Tag Archives: #odyssey

My 2nd Book

OLYMPUS DIGITAL CAMERA

My 2nd book will be a fun, deep, and inspiring read all at the same time… A collection of stories about the animal companions I had throughout my life.
The very first was Gulliver, a little mouse who taught me a lot. So currently, the working title is “Word of Mouse”. Because that’s how it all began…
Each chapter will tell a special story about each of the animals and the impact they had on my life. The lessons I learned.
I’ll be the narrator, but in a sense it is as much or even more about the animals than it is about me.
Readers will be able to enjoy the true stories either as a collection of unusual animal tales…
Or, if they want to think deeper, they will quickly realize that the book is about life, about being human, and about the life lessons we can learn if we open our minds and hearts to the world around us.

It’ll still take up to a year to finish writing and editing, and get the book published.
Watch this space. I’ll share anecdotes, and I’ll keep you updated on my progress and the adventures of trying to find a publisher and/or literary agent!

When I Found Home

devils tear liam and hanna

When I found home…

“Our relationship had grown like a table coral – and still did. Tree-like, it fanned out, each tiny branch connecting to others to build a magnificent structure – tough and brittle at the same time.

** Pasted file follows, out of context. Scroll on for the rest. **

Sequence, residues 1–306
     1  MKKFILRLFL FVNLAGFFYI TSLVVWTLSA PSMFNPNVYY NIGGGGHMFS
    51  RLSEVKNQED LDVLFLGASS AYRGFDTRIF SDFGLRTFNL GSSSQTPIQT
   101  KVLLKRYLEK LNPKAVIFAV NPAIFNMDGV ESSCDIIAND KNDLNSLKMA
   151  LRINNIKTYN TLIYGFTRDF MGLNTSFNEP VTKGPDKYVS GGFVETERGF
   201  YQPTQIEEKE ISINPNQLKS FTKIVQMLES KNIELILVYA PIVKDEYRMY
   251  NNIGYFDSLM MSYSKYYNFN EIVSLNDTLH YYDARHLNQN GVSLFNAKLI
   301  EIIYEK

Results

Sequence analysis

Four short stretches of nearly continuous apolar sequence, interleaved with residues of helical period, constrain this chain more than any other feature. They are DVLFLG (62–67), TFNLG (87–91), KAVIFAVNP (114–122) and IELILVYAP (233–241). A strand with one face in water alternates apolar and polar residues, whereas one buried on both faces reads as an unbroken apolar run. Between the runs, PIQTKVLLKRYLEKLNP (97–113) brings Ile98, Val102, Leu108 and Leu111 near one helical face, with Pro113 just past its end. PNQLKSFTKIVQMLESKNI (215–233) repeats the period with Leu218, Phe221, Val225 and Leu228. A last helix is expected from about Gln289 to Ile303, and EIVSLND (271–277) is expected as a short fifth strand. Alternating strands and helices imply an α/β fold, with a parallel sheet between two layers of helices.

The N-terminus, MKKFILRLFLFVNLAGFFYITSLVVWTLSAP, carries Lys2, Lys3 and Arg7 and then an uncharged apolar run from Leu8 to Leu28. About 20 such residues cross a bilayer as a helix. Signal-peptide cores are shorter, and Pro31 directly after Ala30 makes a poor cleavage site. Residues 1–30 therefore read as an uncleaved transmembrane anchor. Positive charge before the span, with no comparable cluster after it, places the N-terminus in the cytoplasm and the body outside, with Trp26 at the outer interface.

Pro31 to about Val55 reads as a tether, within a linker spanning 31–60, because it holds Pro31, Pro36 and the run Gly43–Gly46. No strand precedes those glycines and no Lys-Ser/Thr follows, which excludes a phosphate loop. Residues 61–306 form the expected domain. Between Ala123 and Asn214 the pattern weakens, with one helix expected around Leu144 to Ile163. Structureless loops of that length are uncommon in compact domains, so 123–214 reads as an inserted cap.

Both of us knew how easily such a delicate formation could break. For the first time, however, I was confident to have found a partner who was as committed to our common cause as I was. We were different in so many ways, yet together our universe expanded. We challenged and supported each other in equal measure.” (Excerpt from Paralian, Chapter 33)

… And five years later, we’re still braving life’s turbulences together.
Thank you for being the beautiful soul you are. Thank you for being in my life.

Happy 7th Anniversary to The House of Dancing Water

russian swing practice

Today’s post is dedicated to the entire cast and crew – past and present – of The House of Dancing Water in Macau. The show is celebrating its 7th Anniversary. On the 16th of September 2010, we introduced our creation to the world. An island of magic, fairy tales, water, and light.

The show is still running strong.

I devoted four years of my life to this adventure. One thing, above all, I have learned, thanks to my amazing show family: with dedication, vision, and passion, everything is possible.

Here is a little excerpt from Paralian about my experience:

“The learning curve of my Macau years had been exponential. While listening to coaches and performers over the years, what had struck me the most was their decision-making process. The key to executing a stunt perfectly, and more importantly, safely, was commitment.